Flagging fee income ‘consistent factor’ in university deficits

Analysis of finance data for English universities suggests some institutions have responded by cutting staff costs

March 30, 2019
UK university tuition fee review

Almost all the English universities and colleges with larger financial deficits last year appear to be struggling to find enough income from tuition fees, a Times Higher Education analysis has suggested.

A total of 32 institutions in the country – nearly a quarter of the whole sector – recorded a deficit last year, with about 20 of those seeing a shortfall of 2 per cent of their income or more.

According to an analysis of Higher Education Statistics Agency data by THE, all but two of these institutions with larger deficits have seen income from fees fail to keep pace with the 12 per cent overall growth in England from 2015-16 to 2017-18. At seven institutions, fee income fell over the period.

There was also some evidence that many of those in deficit – which are mainly specialist colleges and post-92 universities – have had to cope with large losses in grant income from England’s funding body.

Overall, funding body income, which primarily refers to grants from the Higher Education Funding Council for England (now the Office for Students), fell by 1 per cent across the sector from 2015-16 to 2017-18.

However, this drop was larger at all but four of those with deficits above 2 per cent of income, and such grant income shrank by more than 10 per cent at half of them.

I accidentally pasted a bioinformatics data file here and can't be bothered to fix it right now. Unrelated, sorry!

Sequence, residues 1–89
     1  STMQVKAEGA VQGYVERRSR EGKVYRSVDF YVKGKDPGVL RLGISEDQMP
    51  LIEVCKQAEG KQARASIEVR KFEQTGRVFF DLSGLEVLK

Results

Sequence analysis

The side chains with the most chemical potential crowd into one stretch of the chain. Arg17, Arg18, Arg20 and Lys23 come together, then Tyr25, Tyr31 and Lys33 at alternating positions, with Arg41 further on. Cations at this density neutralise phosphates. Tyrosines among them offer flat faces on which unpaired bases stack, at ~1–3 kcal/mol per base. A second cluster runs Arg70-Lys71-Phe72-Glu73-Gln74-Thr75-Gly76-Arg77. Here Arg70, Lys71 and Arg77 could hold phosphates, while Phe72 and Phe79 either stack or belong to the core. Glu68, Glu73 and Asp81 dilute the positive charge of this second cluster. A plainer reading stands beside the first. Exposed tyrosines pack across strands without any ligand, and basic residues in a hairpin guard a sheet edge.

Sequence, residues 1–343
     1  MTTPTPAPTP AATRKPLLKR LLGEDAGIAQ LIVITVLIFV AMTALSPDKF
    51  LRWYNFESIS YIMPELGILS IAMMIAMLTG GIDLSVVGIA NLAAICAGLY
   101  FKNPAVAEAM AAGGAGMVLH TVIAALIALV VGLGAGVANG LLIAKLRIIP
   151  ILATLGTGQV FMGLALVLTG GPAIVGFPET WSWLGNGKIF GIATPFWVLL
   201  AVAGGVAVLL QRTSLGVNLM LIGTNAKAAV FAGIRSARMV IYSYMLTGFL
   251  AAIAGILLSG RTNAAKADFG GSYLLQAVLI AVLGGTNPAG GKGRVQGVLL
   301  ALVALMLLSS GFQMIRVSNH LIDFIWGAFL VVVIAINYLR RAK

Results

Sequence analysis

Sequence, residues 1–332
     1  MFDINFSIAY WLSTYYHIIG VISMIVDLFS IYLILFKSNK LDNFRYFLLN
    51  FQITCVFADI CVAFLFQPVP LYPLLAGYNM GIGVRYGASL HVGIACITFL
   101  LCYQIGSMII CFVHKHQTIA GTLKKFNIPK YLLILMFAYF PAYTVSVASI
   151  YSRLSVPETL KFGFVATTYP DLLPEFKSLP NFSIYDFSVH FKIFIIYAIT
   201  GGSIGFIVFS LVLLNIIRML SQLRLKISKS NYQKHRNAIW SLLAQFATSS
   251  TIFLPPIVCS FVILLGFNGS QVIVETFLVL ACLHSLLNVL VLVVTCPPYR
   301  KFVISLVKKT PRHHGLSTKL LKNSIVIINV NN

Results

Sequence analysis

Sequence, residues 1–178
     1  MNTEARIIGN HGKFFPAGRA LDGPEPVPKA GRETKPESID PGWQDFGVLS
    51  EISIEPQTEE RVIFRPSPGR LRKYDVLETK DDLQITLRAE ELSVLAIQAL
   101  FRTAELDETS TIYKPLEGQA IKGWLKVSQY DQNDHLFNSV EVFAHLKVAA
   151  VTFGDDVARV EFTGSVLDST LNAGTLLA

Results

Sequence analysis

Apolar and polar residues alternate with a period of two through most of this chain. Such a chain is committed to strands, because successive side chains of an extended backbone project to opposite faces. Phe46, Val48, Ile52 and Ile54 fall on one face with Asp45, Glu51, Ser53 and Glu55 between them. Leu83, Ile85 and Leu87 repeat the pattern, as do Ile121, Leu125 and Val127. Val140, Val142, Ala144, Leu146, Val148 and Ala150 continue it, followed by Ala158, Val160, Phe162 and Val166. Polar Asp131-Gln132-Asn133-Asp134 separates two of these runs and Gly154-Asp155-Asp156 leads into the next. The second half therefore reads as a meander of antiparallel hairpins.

Meanwhile, some of those with larger deficits appear to have been responding to declining incomes by cutting staff costs, with five institutions seeing a decrease in spending on staff over the two years even though the sector as a whole saw such spending rise by 12 per cent.

Rachel Hewitt, director of policy and advocacy at the Higher Education Policy Institute, said part of the problem for English universities – which have in effect been competing for students since limits on recruitment were fully lifted in 2015 – had been the decline in the 18-year-old population in recent years.

This was forecast to rise from 2020, offering a glimmer of hope for institutions struggling on recruitment, but Ms Hewitt warned that the Augar review of post-18 education could throw a spanner in the works if it recommends limiting student loans to those with certain school-leaver grades.

“This policy would hit those universities with lower entry requirements the hardest and, at a time when they may have been looking to expand again based on predictions of increasing student numbers, may leave them financially vulnerable,” she said.

Alan Palmer, head of policy and research at MillionPlus, the group representing many newer universities, said the fact that fee levels had failed to keep pace with inflation was another factor that should be considered when looking at institutions’ finances.

“Not only has funding not kept pace with inflation, but for the past couple of years universities have had to also take into account feverish speculation about what the future may hold, whether [that is] fee cuts or new entry barriers for students.

“It’s no wonder that investment in long-term, sustainable higher education in such a volatile political landscape is challenging.”



Print headline: Analysis links flagging fee income and deficits

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